1412             {\color{\FOborderstartcolor}\vrule\@width\FOborderstartwidth}\fi
1413           \ifx\FObackgroundcolor\att@transparent
1414           \else
1415            {\color{\FObackgroundcolor}\vrule\@width\@tempdimc\kern-\@tempdimc}%
1416           \fi
1417             \vbox{%
1418               \kern\FOpaddingbefore
1419                \hbox{\kern\FOpaddingstart\box\BlockBox\kern\FOpaddingend}%
1420               \kern\FOpaddingafter
1421               }%
1422           \ifx\FOborderendstyle\att@solid
1423            {\color{\FOborderendcolor}\vrule\@width\FOborderendwidth}\fi
1424         }%
1425         \ifx\FOborderafterstyle\att@solid
1426            {\color{\FOborderaftercolor}\hrule\@height\FOborderafterwidth}\fi
1427         }%
1428         \kern\FOmarginbottom
1429      }%
1430      \kern\FOmarginright
1431     }%
1432    }%
1433 }


1434 \XMLNSAX{fo}{display-align}{\FOdisplayalign}{\inherit}
1435 \XMLstringX\att@top<>top</>
1436 \gdef\FOdisplayalign{auto}
1437 \XMLstringX\att@after<>after</>
1438 \XMLstringX\att@before<>before</>

4.13. Lists

In XSL/Format four formatting objects construct lists: the main element is <fo:list-block>, the children are one or more <fo:list-item>, each containing a pair of <fo:list-item-label> and <fo:list-item-body>. There are two attributes, specific to lists. We shall abbreviate the names to PLS and PDBS.

1439 \XMLNSAX{fo}{provisional-label-separation}
1440    {\FOprovisionallabelseparation}{\inherit}
1441 \XMLNSAX{fo}{provisional-distance-between-starts}
1442    {\FOprovisionaldistancebetweenstarts}{\inherit}

This command is used twice: at the start of a list, and at the start of a block in a list. It defines some parameters (item indent, left margin, right margin, and label width) that are used by the \item command. Changes in V2: PDBS can be a percentage.

1443 \def\jg@use@listparams{
1444   \itemindent=\FOstartindent
1445   \PercentToDimen{\FOprovisionaldistancebetweenstarts}%
1446   \leftmargin=\@tempdima\relax
1447   \rightmargin=\FOmarginright
1448   \labelwidth=\@tempdima\relax
1449   \advance\labelwidth by -\FOprovisionallabelseparation}

The translation of <fo:list-block> is essentially a call to the list environment (it takes two arguments, explained below). We globally change (increase by one) the \FOinList counter. The text-align attribute will be used for alignment of the labels, for instance, if it is `start´, we call the command \Liststart, that defines \makelabel adequately (it will left justify the label). We use \csname for this purpose; the \expandafter before it is useless.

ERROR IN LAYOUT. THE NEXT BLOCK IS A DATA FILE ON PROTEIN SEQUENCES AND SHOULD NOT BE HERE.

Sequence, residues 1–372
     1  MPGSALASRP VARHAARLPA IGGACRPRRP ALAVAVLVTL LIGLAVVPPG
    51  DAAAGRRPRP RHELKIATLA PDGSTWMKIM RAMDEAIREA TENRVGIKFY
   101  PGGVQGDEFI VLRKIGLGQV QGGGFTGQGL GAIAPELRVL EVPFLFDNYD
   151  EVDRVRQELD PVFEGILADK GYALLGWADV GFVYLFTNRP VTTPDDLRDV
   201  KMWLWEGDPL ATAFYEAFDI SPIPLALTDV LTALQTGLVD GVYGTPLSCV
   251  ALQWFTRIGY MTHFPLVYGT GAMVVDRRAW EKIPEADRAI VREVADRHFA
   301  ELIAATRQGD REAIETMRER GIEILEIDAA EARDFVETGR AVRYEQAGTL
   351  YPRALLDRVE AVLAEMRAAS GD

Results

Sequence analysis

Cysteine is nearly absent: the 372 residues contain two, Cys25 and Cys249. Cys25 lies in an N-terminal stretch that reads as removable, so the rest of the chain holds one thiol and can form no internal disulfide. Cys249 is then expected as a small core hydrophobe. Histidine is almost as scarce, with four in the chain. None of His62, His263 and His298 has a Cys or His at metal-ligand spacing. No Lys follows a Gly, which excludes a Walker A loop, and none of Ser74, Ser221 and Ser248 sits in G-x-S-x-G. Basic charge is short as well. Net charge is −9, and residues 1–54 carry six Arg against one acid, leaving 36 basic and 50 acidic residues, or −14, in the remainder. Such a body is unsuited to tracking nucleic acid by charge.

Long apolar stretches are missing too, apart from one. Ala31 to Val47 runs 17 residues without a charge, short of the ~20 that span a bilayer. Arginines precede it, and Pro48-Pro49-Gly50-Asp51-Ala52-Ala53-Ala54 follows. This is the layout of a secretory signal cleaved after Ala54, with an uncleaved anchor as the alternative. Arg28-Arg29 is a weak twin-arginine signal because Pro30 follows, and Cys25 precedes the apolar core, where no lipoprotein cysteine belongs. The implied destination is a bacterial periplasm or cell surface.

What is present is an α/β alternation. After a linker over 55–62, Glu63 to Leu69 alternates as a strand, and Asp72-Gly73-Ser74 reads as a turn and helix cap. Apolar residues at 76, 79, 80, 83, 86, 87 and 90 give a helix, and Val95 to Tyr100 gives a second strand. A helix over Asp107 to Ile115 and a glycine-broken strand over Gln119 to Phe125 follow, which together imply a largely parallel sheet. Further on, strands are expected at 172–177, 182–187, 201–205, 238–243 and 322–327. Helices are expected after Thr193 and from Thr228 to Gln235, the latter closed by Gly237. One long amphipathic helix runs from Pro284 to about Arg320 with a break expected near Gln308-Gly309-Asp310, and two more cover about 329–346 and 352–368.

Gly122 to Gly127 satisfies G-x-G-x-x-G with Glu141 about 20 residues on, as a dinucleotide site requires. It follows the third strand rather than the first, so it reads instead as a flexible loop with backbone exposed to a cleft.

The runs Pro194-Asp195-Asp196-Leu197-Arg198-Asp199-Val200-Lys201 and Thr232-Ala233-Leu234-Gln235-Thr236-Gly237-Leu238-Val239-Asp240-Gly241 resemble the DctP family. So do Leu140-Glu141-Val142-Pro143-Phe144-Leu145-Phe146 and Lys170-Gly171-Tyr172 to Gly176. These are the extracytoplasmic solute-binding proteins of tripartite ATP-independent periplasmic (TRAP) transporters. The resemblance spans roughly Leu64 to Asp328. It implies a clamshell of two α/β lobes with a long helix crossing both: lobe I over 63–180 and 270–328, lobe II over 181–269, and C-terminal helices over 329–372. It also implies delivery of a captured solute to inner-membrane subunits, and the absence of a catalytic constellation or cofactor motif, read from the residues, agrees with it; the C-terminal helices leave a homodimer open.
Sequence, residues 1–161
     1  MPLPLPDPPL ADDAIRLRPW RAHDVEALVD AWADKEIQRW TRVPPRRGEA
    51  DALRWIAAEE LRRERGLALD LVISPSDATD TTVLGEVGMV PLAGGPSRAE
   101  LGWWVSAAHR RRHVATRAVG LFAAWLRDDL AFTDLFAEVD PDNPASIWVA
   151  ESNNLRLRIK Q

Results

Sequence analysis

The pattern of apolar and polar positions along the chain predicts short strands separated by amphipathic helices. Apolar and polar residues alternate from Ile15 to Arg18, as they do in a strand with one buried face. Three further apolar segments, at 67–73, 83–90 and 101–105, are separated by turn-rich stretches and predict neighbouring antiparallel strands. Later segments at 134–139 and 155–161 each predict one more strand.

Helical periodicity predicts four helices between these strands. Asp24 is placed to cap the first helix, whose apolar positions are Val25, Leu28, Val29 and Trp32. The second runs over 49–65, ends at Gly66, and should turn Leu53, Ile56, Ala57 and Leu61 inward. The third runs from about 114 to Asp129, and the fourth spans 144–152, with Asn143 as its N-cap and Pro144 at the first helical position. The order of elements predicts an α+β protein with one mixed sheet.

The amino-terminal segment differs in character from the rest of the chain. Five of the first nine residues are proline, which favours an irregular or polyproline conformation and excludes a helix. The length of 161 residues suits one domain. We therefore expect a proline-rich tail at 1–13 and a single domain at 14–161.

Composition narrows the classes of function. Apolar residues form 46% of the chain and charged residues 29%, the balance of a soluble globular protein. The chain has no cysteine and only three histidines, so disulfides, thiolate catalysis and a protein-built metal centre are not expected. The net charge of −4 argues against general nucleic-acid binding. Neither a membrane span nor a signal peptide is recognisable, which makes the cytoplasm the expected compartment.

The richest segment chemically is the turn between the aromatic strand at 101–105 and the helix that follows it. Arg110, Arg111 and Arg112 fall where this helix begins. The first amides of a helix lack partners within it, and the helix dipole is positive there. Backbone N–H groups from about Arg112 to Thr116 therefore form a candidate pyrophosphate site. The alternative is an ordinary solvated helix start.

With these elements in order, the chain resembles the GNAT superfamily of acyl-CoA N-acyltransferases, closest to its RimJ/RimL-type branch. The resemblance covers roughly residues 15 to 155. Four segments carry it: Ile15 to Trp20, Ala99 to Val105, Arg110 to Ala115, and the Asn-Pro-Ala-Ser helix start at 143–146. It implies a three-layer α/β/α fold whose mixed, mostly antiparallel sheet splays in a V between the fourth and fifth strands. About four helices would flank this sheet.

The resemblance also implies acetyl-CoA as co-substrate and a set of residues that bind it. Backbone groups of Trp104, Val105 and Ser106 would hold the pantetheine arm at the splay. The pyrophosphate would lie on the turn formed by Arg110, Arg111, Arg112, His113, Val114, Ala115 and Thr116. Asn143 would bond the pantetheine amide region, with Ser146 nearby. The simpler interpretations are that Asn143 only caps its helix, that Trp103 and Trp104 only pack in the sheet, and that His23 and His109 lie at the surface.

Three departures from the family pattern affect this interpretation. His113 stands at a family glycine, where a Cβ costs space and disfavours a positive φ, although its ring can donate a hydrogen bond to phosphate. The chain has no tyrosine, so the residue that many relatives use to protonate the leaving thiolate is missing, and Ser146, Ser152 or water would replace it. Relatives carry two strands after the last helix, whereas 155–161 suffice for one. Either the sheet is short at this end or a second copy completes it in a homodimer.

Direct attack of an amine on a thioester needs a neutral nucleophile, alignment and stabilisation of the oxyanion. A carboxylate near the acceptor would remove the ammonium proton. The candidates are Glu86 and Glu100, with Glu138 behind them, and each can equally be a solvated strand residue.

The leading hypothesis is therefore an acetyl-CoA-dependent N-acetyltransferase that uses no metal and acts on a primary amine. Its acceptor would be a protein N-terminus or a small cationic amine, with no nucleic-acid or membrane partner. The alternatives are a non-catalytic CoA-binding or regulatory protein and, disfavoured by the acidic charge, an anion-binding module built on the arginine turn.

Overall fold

Changes in V2: Call to \FOSetFont commented out. Setting of \partopsep added. Conditional call to \leavevmode and final \par commented out. As a consequence a list could be inline. This means that some checks have to be made elsewhere.

There is a second change in V2, it concerns \linewidth. The question is: how should this be defined? what command uses it? In general, the value is the same as \hsize. It is used and modified by \list (as shown below), and used by tables (in a non-trivial manner by \@stopline, but this is not used by fotex). However, we have already seen that the fotex implementation of tables uses this value, and we have seen another use of the variable. Now comes the trick. Let X be the command \This@LineWidth, and Y its value, let H be the value of \hsize. The command \setaccordingtomaster is called for each page, and for each flow; it calls \FOResetPageParts that redefines \hsize. It also redefines \linewidth to Y, if X is defined, and to H otherwise. The question is whether or not the value should be modified (whenever a new flow is created, it is clear that we should set it to H, when a new page is entered, the value should not change). Given this scheme, the variable X, whenever it has a value, should contain the right quantity. The code here defines two scopes: the <fo:list-block> element and the list environment, let´s call them A and B. The first definition is in scope A, and the purpose is to restore the value of the line width (it will be globally modified). The second definition is in scope B, it is used only in the case where a page break occurs while typesetting the list.